edenstreet.net talk to Les Dayman
He was the backbone of the E Street community, fighting for justice and determined that good would overcome evil. He was George Sullivan, head of the Westside police force and love of Martha's life. Les Dayman, the actor behind Sgt Sullivan stayed with E Street from its beginning to its end and took the time to share some memories with us...
Which cast members were you closest to and are you still in touch with any of the cast?
In the early days of E Street, especially 1989, I had a number of cast members and partners at my wedding, but enduring relationships are hard to maintain after the end of such a show. I see Penny Cook now and then and Warren Jones also, but I’ve had most professional and personal contact with Noel Hodda, the miscreant husband of Dr. Elly. Noel has written some excellent plays for the theatre which I’ve performed in on several occasions in readings.
Which storylines have stuck in your mind over the years as favourites?
One of the best storylines I was involved in was featured early in E Streets’ run – where George’s old mate, a retired police officer of high rank is found guilty of a crime – a hit and run I think! George found out and was in an awful dilemma, turned back to the booze but bounced back after doing what he had to do…
Later on the Sonny Bennett characters presence provided a lot of good material involving George. Overall there were all the scenes with Cecily Polson, whom I’ve not seen in several years – ironically, I’ve met her husband Peter Gwynn at casting sessions several times of recent years…he coincidently was the rogue cop in the early episode I described above!!
E Street had a shaky start, but pretty soon established itself as a serious drama, which tackled serious issues. Around the Sonny Bennett saga the show had really taken off. How did it feel to be part of the cast at that time when E Street’s popularity was at its peak?
A very intense period of solid work, very focused work by everyone. Public recognition in London during a Christmas holiday in 1992 was extraordinary high especially since it was shown on Mr Murdoch’s Sky channel.
One of the most popular and celebrated relationships was that of George and Martha. Did you enjoy working with Cecily Polson?
Cecily and I had a lovely warm relationship without a moment’s tension in our work together and with others involved in our themes. She’s the sort of actor it’s great to have both for their skills and personality.
When you were in E Street I guess you were spotted by fans whilst out living your every day life! Were you ever mobbed?!
One of the more hilarious consequences of public recognition was the fact I was often mistaken for Brian Wenzel, who was in the long running TV show ‘A Country Practice’ and vice versa. We’re about the same age, both playing police sergeants in small communities – we both came from Adelaide in South Australia, where we were in amateur theatre back in the early 60s. We were good mates and saw lots of each other socially. He seems to be out of the business – now leaves in Melbourne to be close to his favourite football team!!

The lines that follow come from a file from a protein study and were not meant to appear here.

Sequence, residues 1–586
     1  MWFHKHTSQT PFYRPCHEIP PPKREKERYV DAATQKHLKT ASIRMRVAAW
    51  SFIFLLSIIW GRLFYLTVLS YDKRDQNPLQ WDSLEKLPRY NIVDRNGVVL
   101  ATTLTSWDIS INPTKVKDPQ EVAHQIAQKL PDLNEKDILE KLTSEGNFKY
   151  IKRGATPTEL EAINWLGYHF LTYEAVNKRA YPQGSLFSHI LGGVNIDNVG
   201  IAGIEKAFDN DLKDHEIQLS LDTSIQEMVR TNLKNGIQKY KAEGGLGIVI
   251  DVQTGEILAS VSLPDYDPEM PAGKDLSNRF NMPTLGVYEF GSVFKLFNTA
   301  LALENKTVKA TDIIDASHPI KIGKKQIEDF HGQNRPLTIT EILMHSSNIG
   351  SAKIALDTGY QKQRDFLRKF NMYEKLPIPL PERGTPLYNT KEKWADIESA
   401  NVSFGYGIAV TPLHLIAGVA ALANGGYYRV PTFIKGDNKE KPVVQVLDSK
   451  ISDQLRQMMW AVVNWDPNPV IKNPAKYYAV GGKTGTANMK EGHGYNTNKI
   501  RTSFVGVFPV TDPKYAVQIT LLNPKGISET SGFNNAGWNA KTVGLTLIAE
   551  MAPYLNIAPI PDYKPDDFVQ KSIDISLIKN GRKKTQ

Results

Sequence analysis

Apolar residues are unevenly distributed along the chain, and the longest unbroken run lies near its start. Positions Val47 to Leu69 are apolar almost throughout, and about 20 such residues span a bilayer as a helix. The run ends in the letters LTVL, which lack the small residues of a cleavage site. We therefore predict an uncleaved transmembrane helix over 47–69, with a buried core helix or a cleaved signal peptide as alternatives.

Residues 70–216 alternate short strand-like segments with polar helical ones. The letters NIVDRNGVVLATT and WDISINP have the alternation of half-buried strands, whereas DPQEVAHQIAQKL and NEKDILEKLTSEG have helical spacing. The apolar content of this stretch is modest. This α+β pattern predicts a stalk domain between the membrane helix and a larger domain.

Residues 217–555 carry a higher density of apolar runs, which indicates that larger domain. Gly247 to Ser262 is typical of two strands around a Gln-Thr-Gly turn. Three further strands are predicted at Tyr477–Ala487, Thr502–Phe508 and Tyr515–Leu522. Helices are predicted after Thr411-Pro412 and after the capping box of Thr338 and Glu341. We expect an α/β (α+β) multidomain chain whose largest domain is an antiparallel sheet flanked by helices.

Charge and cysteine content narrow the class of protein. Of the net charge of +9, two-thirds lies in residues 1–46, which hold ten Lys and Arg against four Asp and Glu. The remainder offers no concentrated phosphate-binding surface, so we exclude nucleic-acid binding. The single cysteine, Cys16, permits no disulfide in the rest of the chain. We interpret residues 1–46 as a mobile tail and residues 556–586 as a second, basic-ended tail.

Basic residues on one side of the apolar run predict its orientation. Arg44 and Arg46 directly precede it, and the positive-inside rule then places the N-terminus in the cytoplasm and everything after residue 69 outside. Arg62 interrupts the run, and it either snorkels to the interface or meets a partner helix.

Were you shocked when E Street came to an end? Did you have any warning the show would be finishing or did it come out of blue? What was the last say on set like?
Things were ‘wobbly’ towards the end of 92 – relationships between the production company making the show and Channel 10 network were strained. We resumed shooting late January 93, but were quickly informed we were closing in May – something happened and the show was wrapped up in two weeks!!
Yes it was a shock – however Vic Rooney and I were cast soon after in the Sydney Theatre Company production of Arthur Millers great play ‘The Crucible’ which ran for long seasons though 93 and 94.
Last day on set was business as usual – glum drinks up in the office area – they too were out of a job..
We like to believe E Street still exists. What do you think George is up to these days?
I believe he’s stayed off the booze – I reckon he and Martha go to Surfers Paradise to catch the sun – unlike my wife and I who love Europe and the UK. We’ve stayed with friends at Broadstairs in Kent several times in the lat 10 years en route to France and Germany etc.
What have you been up to since E Street finished?
Up to 1999 I was in pretty continuous work in TV, Film and theatre. This included guest roles in TV dramas such as ‘All Saints’; a hospital drama, ‘Stingers’; a crime show shot in Melbourne, and our longest running cop show ‘Blue Heelers’, which has just finished an extraordinary long run of 8 years.
Movies include ‘Oscar and Lucinda’ – 1996, ‘Holy Smoke’ – 1999 and recently, late 2005 some Australian Broadcasting Commission (our equivalent of the BBC) made films for television – crime thrillers, family comedy with a hard edge. A movie about race relations, made last year, has not been released, I suspect because there have been a few nasty race confrontations around Sydney recently. I’m hoping for more work with the ABC as most of our dramas are winding down – no overseas sales alas!!
Any comments you’d like to make about E Street..
If E Street had been on air with either the BBC or ITV in Britain, instead of the Sky Channel, at the time in 1992, there would have been bigger exposure (not many dishes in Britain at that time), probably leading to overseas sales in Europe where other Australian shows had performed well.
Many thanks to Les Dayman for taking time to do this interview and sharing some wonderful stories with us.